It was an influential period in his life. He saw first hand how unjust the system was, (and the British Army was there to enforce this). He developed a deep hatred for the British Army that lasted his entire life. When he heard the regiment was being transferred to India, he deserted the army.
Connolly had another reason for not wanting to go to India: a young woman by the name of Lillie Reynolds. Lillie moved to Scotland with James after he left the Army and they married in April 1890. They settled in Edinburgh. There, Connolly began to get involved in the Socialist Movement but with a young family to support, he needed a way to provide for them.
He briefly established a cobblers shop in 1895, but this failed after a few months as his shoe-mending skills were insufficient. He was also strongly active with the socialist movement at the time, and he prioritized this over his own work.
He became secretary of the Scottish Socialist Federation. At the time his brother John was secretary; after John spoke at a rally in favour of the eight hour day, however, he was fired from his job with the Edinburgh Corporation, so while he looked for work, James took over as secretary. During this time, Connolly became involved with the Independent Labour Party which Keir Hardy had formed in 1893.
Sometime during this period, he took up the study of, and advocated the use of, the neutral international language, Esperanto.
By 1892 he was involved in the Scottish Socialist Foundation, acting as its secretary from 1895. Two months after the birth of his third daughter, word came to Connolly that the Dublin Socialist Club was looking for a full-time secretary, a job that offered a salary of a pound a week. Connolly and his family moved to Dublin, where he took up the position. While active as a socialist in Great Britain, Connolly was the founding editor of The Socialist newspaper and was among the founders of the Socialist Labour Party which split from the Social Democratic Federation in 1903. While in America he was a member of the Socialist Labour Party Of America (1906), the Socialist Party of America (1909) and the Industrial Workers of the World, and founded the Irish Socialist Federation in New York, 1907. He famously had a chapter of his 1910 book "Labour in Irish History" entitled "A chapter of horrors: Daniel O'Connell and the working class." critical of the achiever of Catholic Emancipation 60 years earlier.
On his return to Ireland he was right hand man to James Larkin in the The Irish Transport and General Workers Union. He stood twice for the Wood Quay ward of Dublin Corporation but was unsuccessful. His name, and those of his family, appears in the 1911 Census of Ireland - his occupation is listed as "National Organiser Socialist Party". In 1913, in response to the Lockout, he, along with an ex-British officer, Jack White, founded the Irish Citizens Army (ICA), an armed and well-trained body of labour men whose aim was to defend workers and strikers, particularly from the frequent brutality of the Dublin Police. Though they only numbered about 250 at most, their goal soon became the establishment of an independent and socialist Irish nation. He founded the Irish Labour Party as the political wing of the Irish Trade Union Congress in 1912 and was a member of its National Executive. Around this time he met Winifred Carney in Belfast, who became his secretary.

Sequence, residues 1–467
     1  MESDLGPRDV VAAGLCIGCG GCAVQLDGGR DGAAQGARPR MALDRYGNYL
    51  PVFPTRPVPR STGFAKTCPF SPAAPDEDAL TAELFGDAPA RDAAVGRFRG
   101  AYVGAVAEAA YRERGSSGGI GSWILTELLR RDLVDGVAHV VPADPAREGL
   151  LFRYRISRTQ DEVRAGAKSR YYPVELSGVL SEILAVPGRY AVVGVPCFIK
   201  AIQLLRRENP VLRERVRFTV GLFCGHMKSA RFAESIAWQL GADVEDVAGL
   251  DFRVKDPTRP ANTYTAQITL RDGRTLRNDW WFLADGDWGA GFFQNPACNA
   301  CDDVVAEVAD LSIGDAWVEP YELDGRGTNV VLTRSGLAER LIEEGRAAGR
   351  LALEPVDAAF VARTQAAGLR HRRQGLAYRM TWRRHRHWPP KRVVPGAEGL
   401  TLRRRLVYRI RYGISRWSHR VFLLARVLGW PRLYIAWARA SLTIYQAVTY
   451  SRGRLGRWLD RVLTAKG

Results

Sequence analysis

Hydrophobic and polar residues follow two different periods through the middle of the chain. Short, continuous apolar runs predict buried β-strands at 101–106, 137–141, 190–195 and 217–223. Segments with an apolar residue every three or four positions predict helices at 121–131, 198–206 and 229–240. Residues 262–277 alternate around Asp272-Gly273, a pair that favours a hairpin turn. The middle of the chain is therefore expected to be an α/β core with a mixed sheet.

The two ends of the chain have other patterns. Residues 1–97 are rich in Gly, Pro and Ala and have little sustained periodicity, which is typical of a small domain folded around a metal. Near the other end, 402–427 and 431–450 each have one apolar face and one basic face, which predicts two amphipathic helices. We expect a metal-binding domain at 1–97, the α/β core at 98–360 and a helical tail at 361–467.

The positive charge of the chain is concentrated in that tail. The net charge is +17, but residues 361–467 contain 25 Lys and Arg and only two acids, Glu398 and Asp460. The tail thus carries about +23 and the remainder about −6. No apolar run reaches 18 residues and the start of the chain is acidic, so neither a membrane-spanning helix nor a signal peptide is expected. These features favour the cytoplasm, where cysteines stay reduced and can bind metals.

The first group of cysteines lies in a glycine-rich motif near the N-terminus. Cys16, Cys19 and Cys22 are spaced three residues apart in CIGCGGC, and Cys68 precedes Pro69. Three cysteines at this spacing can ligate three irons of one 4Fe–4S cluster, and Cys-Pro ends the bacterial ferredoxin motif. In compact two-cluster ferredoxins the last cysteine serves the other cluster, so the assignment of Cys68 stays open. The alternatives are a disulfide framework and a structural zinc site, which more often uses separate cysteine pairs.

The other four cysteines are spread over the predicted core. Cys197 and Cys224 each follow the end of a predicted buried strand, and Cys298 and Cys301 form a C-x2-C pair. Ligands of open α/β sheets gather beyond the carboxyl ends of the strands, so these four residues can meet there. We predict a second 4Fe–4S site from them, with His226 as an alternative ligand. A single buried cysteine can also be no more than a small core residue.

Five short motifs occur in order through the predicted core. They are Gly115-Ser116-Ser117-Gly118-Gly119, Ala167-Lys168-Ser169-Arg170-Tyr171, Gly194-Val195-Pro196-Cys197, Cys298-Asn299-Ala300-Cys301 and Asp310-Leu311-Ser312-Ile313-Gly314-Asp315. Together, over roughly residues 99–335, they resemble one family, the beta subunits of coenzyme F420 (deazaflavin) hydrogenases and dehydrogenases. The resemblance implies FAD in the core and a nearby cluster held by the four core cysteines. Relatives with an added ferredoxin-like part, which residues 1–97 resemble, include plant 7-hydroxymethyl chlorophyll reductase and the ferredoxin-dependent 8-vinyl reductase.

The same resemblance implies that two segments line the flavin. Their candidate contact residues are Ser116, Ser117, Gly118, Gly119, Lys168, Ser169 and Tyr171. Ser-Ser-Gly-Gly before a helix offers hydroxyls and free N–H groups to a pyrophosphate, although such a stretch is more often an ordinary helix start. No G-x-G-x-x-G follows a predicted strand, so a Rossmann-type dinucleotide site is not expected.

Connolly was sentenced to death by firing squad for his part in the rising. On 12 May 1916 he was transported by military ambulance to Kilmainham Gaol, carried to a prison courtyard on a stretcher, tied to a chair and shot. His body (along with those of the other rebels) was put in a mass grave without a coffin. The executions of the rebels deeply angered the majority of the Irish population, most of whom had shown no support during the rebellion. It was Connolly's execution, however, that caused the most controversy. Historians have pointed to the manner of execution of Connolly and similar rebels, along with their actions, as being factors that caused public awareness of their desires and goals and gathered support for the movements that they had died fighting for.
Connolly Station one of the two main railway stations in Dublin, and Connolly Hospital Blanchardstown, are named in his honour.
In a 2002, BBC television production, 100 Greatest Britons where the British public were asked to register their vote, Connolly was voted in 64th place.
James Connolly was born in an Irish slum in Edinburgh in 1868. His parents had emigrated to Scotland from Monaghan and settled in the Cowgate, an Irish ghetto where thousands of Irish settled.
He was born in St Patrick's Roman Catholic parish, which was known as "Little Ireland". His father and grandfathers were labourers. He had an education up to the age of about ten in the local Catholic primary school. He then left and worked in labouring jobs. Because of the economic difficulties he was having,like his eldest brother John, he joined the British Army.
He enlisted in the Army at age 14, falsifying his age and giving his name as Reid, as his brother John had done. He served in Ireland with the Army for nearly seven years. It was a very turbulent period in rural Ireland.He would later become involved in the land issue.